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How to Make a Gift Bag

I tend to procrastinate when it comes to gift wrapping. I purchase the gifts I want to give and stuff them under the bed or on a shelf in the closet until right before Christmas. Then, while I’m fantasizing about radiantly glazed holiday hams and sweetly spiced rivers of eggnog, I’m also faced with making a pile of presents bright and giftable.

Those odd shaped, extra-uncommon gifts pose a particular challenge. I suppose I could skip the fancy wrap and just stick bows on things that don’t pack up pretty. Or, I could put any asymmetrical or otherwise un-rectangular products in big boxes stuffed with lots of tissue paper, then wrap them. I go with option three–a fancy gift bag.

While the bow trick works in a pinch, it’s not nearly as fun to take off a bow as it is to find a surprise inside of pretty wrapping. I know this, because my husband is a huge supporter of “just stick a bow on it.” I do have to admit, it’s a step up from his other, “just hand her the thing in a crumpled-up shopping bag” approach.

The second tactic–put that hard to wrap gift in another box–seems like a viable option, but wrapping a box just right takes time and creates a lot of waste; you spend 20 minutes getting each crease perfect, only to see your lovely artwork ripped to shreds and tossed in the trash. It’s heartbreaking, really.

So, you can see why, for me, option three takes the customary yuletide fruitcake.

Not only are gift bags simple to use and reusable, they’re also easy to make. All you need is some heavy wrapping, construction, or scrapbooking paper and ribbon to create a sturdy, eco-friendly alternative to traditional wrapping. I picked pretty blue craft paper from the paper mezzanine at Pearl Paint here in New York. (Yes, that’s really what their paper department is called; it’s an entire sublevel–mezzanine, if you will– full of gorgeous papers for wrapping, crafting, and scrapbooking.) I wanted my bag to be festive, but not too Christmasy, so it could still be reused after the holidays. To fasten the paper, I used a Staple-less Stapler, but you could easily use a hole punch and stapler to create a similar effect.

First, make sure you have enough paper to cover the item you’d like to wrap. To wrap the Holiday Record Coasters, I placed the product in the middle of the top half of the paper, then folded the bottom up to completely cover the gift. It’s okay to make the bag a little bit bigger than you need it, just make sure the gift doesn’t stick out of the top.

Next, “staple” along the edges on both sides. The staple-less stapler will create interlocking flaps for a secure hold, but it also leaves a small hole where you punch. You’ll also want to punch once in the bottom left-hand and once on the bottom right-hand, just above the seam.

Threading the ribbon through the holes not only adds decoration, it also increase the bag’s sturdiness and create a handle. However, before threading the ribbon, make sure you have enough by measuring it against the length of the bag four times (once for each side, once for the handle, and once for extra ribbon to work with).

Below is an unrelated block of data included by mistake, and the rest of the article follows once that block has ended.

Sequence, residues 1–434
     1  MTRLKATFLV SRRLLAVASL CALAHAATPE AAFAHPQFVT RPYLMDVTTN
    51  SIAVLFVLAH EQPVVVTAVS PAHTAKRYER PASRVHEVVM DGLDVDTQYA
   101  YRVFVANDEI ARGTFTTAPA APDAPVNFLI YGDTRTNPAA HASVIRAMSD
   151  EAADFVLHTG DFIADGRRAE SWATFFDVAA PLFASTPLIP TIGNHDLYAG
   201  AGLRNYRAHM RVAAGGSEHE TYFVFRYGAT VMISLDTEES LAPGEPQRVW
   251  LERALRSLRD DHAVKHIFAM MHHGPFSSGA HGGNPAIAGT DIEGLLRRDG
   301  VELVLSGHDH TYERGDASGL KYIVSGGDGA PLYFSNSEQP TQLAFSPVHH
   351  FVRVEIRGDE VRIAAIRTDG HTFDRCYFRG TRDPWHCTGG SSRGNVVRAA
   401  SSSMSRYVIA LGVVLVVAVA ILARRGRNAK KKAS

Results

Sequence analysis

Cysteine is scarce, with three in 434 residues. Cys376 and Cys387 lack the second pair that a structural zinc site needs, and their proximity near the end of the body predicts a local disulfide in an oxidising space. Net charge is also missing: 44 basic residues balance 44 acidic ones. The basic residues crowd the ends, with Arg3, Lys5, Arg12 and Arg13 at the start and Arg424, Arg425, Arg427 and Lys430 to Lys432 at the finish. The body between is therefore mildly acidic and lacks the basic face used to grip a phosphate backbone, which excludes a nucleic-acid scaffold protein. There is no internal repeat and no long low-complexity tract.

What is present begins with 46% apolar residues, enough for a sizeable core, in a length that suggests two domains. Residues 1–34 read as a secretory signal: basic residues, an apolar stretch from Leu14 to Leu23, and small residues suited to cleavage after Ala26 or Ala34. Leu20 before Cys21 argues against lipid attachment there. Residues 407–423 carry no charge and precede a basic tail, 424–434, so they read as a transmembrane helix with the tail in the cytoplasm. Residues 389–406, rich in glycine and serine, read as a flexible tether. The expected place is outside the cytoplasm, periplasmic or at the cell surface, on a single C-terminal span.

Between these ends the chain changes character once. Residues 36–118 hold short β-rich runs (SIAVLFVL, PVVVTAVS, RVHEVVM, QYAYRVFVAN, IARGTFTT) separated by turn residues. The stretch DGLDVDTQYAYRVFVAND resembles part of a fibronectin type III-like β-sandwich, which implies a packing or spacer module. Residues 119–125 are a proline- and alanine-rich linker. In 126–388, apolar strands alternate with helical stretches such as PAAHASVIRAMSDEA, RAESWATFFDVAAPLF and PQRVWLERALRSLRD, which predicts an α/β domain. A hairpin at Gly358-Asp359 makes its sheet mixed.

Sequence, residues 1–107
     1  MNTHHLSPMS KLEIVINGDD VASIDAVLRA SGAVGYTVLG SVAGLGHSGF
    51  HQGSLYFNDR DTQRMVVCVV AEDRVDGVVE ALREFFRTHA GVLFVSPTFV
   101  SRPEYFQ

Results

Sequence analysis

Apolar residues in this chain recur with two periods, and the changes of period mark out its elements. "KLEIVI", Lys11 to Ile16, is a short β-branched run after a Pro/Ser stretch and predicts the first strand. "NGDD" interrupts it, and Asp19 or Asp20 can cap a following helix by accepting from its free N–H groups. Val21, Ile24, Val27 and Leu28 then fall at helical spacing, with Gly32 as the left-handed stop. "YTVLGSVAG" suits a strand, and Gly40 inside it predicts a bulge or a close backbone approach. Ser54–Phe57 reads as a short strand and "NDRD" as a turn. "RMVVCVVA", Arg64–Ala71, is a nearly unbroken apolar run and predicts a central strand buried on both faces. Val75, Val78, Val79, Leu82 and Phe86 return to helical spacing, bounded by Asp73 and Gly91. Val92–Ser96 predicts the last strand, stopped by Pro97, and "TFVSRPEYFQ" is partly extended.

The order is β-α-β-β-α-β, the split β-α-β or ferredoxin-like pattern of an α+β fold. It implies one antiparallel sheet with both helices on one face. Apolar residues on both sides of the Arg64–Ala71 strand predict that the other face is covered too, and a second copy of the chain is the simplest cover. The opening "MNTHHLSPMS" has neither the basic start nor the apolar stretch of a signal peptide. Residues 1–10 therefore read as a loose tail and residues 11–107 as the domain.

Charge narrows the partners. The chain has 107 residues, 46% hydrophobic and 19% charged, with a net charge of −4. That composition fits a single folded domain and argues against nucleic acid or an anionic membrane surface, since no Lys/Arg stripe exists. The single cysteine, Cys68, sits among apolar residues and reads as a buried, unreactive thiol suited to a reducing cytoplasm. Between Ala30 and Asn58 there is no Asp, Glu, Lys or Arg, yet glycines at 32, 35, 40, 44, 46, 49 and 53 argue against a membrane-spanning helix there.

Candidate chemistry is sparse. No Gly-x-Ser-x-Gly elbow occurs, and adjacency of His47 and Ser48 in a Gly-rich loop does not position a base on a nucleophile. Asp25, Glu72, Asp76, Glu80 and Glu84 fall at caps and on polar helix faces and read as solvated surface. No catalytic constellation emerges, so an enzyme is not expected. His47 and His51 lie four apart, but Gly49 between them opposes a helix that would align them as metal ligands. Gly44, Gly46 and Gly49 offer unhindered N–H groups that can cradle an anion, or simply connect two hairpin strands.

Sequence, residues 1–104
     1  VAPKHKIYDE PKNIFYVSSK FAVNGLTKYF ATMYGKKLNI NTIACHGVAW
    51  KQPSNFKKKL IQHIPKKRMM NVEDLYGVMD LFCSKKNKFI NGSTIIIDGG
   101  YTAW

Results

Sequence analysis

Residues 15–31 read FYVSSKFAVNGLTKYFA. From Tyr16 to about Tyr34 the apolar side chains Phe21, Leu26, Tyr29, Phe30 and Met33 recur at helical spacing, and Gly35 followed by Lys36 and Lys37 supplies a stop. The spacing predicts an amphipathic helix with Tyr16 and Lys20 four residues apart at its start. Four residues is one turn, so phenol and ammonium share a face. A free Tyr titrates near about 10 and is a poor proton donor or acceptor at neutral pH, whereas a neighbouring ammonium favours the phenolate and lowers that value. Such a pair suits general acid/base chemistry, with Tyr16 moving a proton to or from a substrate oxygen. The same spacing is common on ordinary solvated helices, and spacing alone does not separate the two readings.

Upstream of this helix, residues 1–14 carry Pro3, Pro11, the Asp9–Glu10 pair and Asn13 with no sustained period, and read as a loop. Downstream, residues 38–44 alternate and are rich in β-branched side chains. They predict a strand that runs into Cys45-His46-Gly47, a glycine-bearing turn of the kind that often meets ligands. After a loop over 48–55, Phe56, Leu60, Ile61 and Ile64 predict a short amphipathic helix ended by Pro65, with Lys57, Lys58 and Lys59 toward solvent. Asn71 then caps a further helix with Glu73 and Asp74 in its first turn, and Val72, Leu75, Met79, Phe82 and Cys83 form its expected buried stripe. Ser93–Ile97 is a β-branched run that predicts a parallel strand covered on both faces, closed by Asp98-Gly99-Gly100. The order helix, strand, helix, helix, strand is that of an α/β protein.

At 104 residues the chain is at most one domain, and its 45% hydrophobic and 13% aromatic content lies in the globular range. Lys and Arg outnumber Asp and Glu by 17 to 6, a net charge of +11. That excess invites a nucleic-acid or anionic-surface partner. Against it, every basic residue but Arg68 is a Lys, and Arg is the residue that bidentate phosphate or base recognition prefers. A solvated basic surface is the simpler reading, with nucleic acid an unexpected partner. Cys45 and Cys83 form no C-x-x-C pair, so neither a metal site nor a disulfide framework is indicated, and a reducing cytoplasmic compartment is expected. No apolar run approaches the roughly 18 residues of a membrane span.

Start threading by inserting the ribbon in one of the bottom corners, just above the seam. Leave a few inches of ribbon, then pull the remaining ribbon up through the next hole in the side of the bag. Tie the two ends into a knot, and create a bow with the remaining ribbon from the short end. Using the long end, continue to thread up the side of the bag, looping around the outside edge of the paper.

When you come to the end of one side, leave enough ribbon to create a handle before continuing to thread down the opposite side.

Once you reach the end of the second side, pull the remaining ribbon up through the hole on the corner above the seam. Pull the leftover ribbon back though the final loop on that side, and tie it into a secure knot. This side won’t be as pretty as the bow on the opposite side, but the problem can be easily remedied by cutting off any excess ribbon and tying a new bow to cover up the knot.

The finished product uses no tape, glue, or staples (if you go the staple-less stapler route), can be used over and over again, and costs less than buying a pre-made gift bag. For an added touch, stuff the bag with leftover wrapping paper, folded into fans (or other origami shapes, if you’re feeling extra crafty), instead of using a new sheet of tissue paper.

Written by Cassie

Cassie spends most of her time at work writing things. She loves books (including comics), sketch comedy, and sci-fi. She's inspired by art and science. As a former Minnesotan, she longs for an afternoon on a lake, Grain Belt in hand. The New Yorker in her is happy spending that afternoon at the American Museum of Natural History instead.

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